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Northern Michigan health officials warn of Delta variant spread as school year begins

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Brett Dahlberg
/
WCMU News
Dr. Jennifer Morse, the medical director for three local health departments in Mid- and Northern Michigan, speaks at a virtual news conference on Tuesday.

Health officials in Northern Michigan say they’re struggling to contain the spread of the coronavirus Delta variant. They’re concerned that the school year is starting without clear standards for safety.

Health officials in Northern Michigan said this week that they’re struggling to contain the spread of the coronavirus Delta variant.

Local health department leaders said they are concerned that the school year is starting without clear standards for safety.

Gov. Gretchen Whitmer has said she’s leaving the decision about whether to require masks in schools up to local districts and will not issue a statewide mask mandate, even as the Delta variant spreads across the state.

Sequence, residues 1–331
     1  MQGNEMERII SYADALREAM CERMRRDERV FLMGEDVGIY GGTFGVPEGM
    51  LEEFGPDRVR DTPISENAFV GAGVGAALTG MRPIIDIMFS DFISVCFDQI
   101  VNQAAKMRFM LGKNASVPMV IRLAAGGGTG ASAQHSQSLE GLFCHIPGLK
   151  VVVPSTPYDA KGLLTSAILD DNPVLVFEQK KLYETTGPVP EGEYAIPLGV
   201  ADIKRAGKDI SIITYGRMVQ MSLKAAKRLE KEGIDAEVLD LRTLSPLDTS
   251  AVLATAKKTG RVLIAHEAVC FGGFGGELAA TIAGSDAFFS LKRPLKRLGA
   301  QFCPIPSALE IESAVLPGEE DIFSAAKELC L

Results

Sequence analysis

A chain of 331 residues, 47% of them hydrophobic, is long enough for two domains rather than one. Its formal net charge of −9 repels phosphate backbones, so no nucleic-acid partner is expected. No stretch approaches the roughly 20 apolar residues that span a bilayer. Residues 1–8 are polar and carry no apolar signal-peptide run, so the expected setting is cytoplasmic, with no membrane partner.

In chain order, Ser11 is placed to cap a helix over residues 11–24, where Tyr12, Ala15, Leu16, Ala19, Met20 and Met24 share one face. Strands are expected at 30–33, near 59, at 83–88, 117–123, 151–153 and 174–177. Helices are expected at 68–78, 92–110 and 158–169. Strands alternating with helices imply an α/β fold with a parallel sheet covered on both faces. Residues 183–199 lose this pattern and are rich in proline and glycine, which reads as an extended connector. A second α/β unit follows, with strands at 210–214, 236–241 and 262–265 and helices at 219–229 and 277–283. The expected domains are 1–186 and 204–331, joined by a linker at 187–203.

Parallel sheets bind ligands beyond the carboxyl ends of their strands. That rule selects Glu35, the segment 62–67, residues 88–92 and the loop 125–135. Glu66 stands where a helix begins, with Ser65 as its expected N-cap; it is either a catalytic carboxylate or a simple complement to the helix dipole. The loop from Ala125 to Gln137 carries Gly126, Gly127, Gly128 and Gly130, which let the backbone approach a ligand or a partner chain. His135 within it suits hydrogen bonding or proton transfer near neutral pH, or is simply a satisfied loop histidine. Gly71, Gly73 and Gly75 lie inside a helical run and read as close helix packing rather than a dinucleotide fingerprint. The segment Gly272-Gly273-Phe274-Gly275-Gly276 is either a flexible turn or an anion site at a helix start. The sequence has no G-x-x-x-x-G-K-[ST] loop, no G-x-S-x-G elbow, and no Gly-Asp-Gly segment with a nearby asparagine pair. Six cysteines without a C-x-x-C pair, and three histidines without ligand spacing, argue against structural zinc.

COVID-19 cases in the Benzie-Leelanau and Northwest Michigan health departments have quadrupled in the last month, said health officer Lisa Peacock.

Peacock said local emergency services are under strain, and bringing students and teachers back together for in-person classes risks spreading the virus further.

“We are, you know, trying to hold back the flood gates at the community level to prevent that strain from becoming unmanageable,” she said. “Certainly, we know that schools present a risky environment.”

Peacock said she wants schools to be able to continue holding in-person classes. That’s why her health departments have ordered their local school districts to require masks.

Dr. Jennifer Morse, the medical director for three Northern Michigan health districts, said she’s leaving masking decisions up to the school districts in her jurisdiction.

Still, she said, she hopes that people will wear masks, even if they’re not required. Morse said vaccination rates are not high enough in her health districts to prevent outbreaks in schools.

“Vaccination rates continue to creep up, but very, very slowly at this point,” she said.

Morse and Peacock both encouraged everyone who can to get vaccinated and, if they have any symptoms of infection, to get tested so contact tracers can help people quarantine.